Bucking Trend, Homicides Among Black Youths Rise
ROBER SIEGEL, host:
After a decade of good news on the crime front, a new study finds cause for concern. The report, from Northeastern University, says the number of young black males committing homicide has surged more than 40 percent since 2000. As NPR's Jennifer Ludden reports, the study points out a racial gap, as the murder rate for whites has stayed steady or dropped in some cities.
JENNIFER LUDDEN: The study makes clear murder rates are far from those the late 80s and early 90s, when crack cocaine fueled an epidemic of big city violence. But co-author James Alan Fox says the homicide rate by blacks has risen steadily. In 2000, for example, some 850 teenage blacks committed murder. By last year, the number had climbed to more than 1,100. Fox says one reason could be the profound shift in priority since the terror attacks of 9/11. He says police department have had to take on the duties of homeland security, often at the expense of community policing.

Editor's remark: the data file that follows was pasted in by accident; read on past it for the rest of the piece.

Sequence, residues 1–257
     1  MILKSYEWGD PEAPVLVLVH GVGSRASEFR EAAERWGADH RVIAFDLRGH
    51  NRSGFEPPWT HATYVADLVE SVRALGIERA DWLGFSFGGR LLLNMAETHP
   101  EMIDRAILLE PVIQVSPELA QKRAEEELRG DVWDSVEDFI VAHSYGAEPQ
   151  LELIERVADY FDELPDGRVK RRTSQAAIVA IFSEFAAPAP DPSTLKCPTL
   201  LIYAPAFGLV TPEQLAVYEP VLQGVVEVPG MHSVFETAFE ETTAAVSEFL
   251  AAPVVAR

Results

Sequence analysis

Professor JAMES ALAN FOX (Law, Policy, and Society; Northeastern University): Now, I don't want to weigh one life against another, but when you look at it, many more people are murdered every single year in ordinary street violence than were killed on September 11th of 2001.
LUDDEN: Fox also points to complacency over an improving crime picture overall. The study finds the number of police officers in major cities has dropped more than eight percent, and funding for crime prevention programs is down. He says such cuts disproportionately affect black communities which already suffer from broken families, bad schools, and active gangs.
Professor FOX: Look, I know that people want their tax and rebates and stimuli checks, but, you know, a few extra dollars in your pocket is of little consolation if you're staring down the wrong end of a gun.
LUDDEN: Not all criminologists agree on the difference federal funding could make, but Fox hopes for more spending from the Obama administration. Vice President-elect Joe Biden was a driving force behind putting 100,000 cops on the streets in the mid-'90s. Jennifer Ludden, NPR News, Washington.
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